The first reaction produced benzoin by using the thiamine hydrochloride catalyst, followed by an oxidation reaction to produce benzil, and a rearrangement to synthesize benzilic acid. By utilizing crystallization, pure solid products of each step were collected and analyzed through IR, NMR spectroscopy, and other physical properties. Introduction Multistep synthesis reactions involve many advantages and disadvantages. Disadvantages include time-consuming experiments, error within intermediate steps, or the presence of side reactions. Advantages imply the production of ideal, marketable end products, and the synthesis of compounds that otherwise could not be produced through a simple reaction. Research has enhanced the sustainability, time efficiency, and design of multistep synthesis reactions to be utilized in many industrial situations.
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In addition, this converted alpha diketone was then subjected to rearrangement to a carboxylate salt, then acidification, to produce an alpha-hydroxyacid. In this experiment, benzoin was used and converted into benzil, which was then used to synthesize benzillic acid. The yields were not ideal:. Stop Using Plagiarized Content.
Get Essay g of benzil- a The matching melting points and IR readings, however, confirmed a high degree of purity for each compound: Multistep syntheses are essential to producing complex molecules.
This experiment illustrated the importance of verifying intermediary products are pure, by utilizing different techniques such as IR and melting point. Below is a diagram of the overall reaction. First Reaction: Second Reaction: Introduction: The multistep reaction from Benzoin to Benzillic acid involves multiple organic chemistry concepts, such as oxidation and rearrangement.
The first part of the experiment involves the oxidation of benzoin to benzil, utilizing a mild oxidating agent. The process of oxidation is used in all organic chemistry labs and is essential to a wide variety of synthesis reactions. In addition, oxidation reactions are essential in the the biochemistry of most living organisms.
This experiment also breaks down oxidizing agents into selective and non-selective agents. The second part of this experiment involves the rearrangement of benzil to benzillic acid or, more generally, the reaction of an alpha-diketone to an alpha-hydroxyacid.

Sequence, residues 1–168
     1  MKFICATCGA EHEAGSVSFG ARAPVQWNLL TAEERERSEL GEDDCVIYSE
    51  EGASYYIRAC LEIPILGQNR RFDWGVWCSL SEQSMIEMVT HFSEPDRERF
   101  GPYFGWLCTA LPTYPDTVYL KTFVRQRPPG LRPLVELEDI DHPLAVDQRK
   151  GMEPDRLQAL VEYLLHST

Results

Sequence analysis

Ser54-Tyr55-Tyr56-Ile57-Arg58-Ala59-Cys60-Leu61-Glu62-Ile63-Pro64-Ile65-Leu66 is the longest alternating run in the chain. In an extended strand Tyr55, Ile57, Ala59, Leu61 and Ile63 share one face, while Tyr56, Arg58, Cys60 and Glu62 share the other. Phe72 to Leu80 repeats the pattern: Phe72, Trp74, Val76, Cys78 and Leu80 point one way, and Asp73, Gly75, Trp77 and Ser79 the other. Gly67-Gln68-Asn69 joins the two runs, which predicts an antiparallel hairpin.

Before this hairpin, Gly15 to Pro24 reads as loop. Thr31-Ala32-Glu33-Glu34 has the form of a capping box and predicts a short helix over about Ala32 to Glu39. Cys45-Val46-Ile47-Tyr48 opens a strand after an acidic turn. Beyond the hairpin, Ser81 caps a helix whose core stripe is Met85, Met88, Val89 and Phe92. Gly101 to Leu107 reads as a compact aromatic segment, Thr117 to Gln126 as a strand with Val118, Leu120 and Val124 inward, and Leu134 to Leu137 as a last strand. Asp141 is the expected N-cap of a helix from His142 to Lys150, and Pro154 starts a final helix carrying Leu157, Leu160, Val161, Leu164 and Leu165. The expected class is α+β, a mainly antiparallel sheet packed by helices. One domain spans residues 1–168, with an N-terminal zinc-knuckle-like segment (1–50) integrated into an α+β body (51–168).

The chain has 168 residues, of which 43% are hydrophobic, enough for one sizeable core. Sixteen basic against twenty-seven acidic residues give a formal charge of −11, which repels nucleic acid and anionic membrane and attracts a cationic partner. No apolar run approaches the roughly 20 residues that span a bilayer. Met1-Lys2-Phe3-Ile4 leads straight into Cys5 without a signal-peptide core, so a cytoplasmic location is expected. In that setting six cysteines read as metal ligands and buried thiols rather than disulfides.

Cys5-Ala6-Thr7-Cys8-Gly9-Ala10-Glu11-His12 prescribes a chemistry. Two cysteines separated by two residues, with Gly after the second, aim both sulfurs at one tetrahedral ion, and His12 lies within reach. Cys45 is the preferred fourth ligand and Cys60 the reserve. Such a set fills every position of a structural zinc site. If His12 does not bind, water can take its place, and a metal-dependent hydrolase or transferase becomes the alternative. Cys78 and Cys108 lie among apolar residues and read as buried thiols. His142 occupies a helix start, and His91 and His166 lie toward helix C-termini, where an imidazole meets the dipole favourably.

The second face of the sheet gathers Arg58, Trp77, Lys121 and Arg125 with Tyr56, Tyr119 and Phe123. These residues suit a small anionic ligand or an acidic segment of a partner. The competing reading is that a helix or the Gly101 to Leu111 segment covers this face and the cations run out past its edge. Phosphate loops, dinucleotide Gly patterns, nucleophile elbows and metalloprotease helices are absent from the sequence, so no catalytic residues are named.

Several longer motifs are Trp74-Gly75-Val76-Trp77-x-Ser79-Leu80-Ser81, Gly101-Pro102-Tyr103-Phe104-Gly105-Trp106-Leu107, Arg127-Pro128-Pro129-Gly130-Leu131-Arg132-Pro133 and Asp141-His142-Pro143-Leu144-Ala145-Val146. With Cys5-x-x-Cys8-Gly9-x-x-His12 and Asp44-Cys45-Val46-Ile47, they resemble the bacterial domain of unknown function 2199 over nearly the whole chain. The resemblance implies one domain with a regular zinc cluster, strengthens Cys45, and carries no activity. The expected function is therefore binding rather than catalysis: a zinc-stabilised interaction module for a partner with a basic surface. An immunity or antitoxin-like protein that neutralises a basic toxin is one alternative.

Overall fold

This reaction was first conducted by Justus von Liebig in 1. The basics of this reaction involve the formation of a carboxylate salt from an alpha-diketone; acid is then added to produce an aromatic alpha-hydroxyacid.
The reaction conducted in this experiment is an essential base step in the synthesis of pharmaceuticals and certain hallucinogenic drugs. The synthesis of Benzil from Benzoin is shown below: The above reaction shows the condensed oxidation of benzoin to benzil. The following diagram shows the condensed reaction of benzil to benzillic acid. Rearrangement occurs to form a salt, then the salt is acidified to form benzillic acid. Once the products of each step were obtained- benzil and benzillic acid- their melting points and IR readings were obtained.
These two measurements were used to prove that the correct product was formed without any impurities. One of the major risks in this experiment is loss of product through multiple filtrations.
To minimize this problem, the filtration steps should be carefully and slowly executed. This ensures that the least amount of reactants are lost. To avoid this, the solutions should be given ample time to cool to room temperature before adding the solutions to an ice bath.
These precautions were taken to try to reach our goal of a high percent yield of product with little to no impurities. The first technique was crystallization which was useful to obtain a solid product that can then be purified.
Another old technique utilized was filtration, via hirsch funnel and vacuum. This technique was used to obtain a purified product, removing impurities. Once the final solid product was obtained in both reactions the melting point procedure was used to determine the level of remaining impurity of the final product, comparing the experimental and expected values found in literature. In conjunction with the melting point procedure, infrared spectroscopy was used to reveal the different functional groups of the products.